Clint Eastwood Versus The Democratic Chair: President Obama

August 31, 2012 - 11:48 AM

In last night’s speech, an 82 year-old actor best known for his work in action movies and dramas decided to do a comedy routine using an empty chair as his straight man.

When Clint Eastwood addressed the Republican National Convention last night, he used the opportunity to debate an empty chair representing Pres. Obama. Eastwood posed questions to “Obama” – and implied the president’s responses.

The results were pretty much what you’d expect: his bits usually drew laughs, though some may have been prompted merely by politeness and affection for a respected, veteran actor, director, and producer.

Eastwood may not have been hilarious, and he may not have had the energy of Jim Carey or the eloquence of Dennis Miller, but his shtick was still pure Eastwood: measured, professional, and engaging.

If you want to see how funny the Man-Talking-To-An-Unseen-Foil routine can truly be, go to NetFlix or YouTube and look up Bob Newhart’s old bits where he’s talking to someone on a telephone.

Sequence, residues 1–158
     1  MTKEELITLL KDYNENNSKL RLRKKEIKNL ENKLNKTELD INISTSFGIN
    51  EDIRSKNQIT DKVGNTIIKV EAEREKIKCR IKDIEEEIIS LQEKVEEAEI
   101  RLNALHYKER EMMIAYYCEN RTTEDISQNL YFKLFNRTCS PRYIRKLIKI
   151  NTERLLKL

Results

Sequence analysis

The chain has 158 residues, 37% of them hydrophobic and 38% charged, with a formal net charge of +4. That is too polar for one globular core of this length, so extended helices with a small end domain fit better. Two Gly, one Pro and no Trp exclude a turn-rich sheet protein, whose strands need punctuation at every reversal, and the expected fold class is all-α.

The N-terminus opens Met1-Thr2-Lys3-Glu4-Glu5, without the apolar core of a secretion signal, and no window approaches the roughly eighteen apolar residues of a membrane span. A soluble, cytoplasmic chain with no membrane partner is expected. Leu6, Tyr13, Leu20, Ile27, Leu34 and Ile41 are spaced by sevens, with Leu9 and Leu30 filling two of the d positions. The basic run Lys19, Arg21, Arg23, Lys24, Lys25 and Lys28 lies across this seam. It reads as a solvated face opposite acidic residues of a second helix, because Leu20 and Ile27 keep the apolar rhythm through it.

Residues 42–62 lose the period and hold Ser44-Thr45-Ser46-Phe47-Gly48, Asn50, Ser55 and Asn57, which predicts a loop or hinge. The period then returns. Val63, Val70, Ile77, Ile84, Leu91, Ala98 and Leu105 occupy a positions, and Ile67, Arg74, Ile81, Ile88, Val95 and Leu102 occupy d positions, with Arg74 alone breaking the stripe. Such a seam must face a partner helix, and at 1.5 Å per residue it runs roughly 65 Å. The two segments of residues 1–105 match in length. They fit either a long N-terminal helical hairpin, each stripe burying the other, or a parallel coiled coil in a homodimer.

But, Clint Eastwood was exactly what he was meant – and what he intended – to be: a veteran entertainer and celebrity entertaining a sympathetic audience and showing the viewing world that not everyone who makes it in show business is a flaming liberal.

Eastwood said as much, opening his speech by dispelling the notion about Hollywood that “they’re all left-wingers out there – left of Lenin. At least, that’s what people think.”

“But, that’s not really the case,” Eastwood said: “There’s a lot of conservative people, a lot of moderate people, Republicans, Democrats in Hollywood.”

And, in perhaps his most insightful moment, Eastwood offered his theory about why Hollywood is perceived as being exclusively liberal:

“It’s just that conservative people, by the nature of the word itself, play it a little more close to the vest. They don’t go around hot-dogging it.

“But, they’re there. Believe me, they’re there.”

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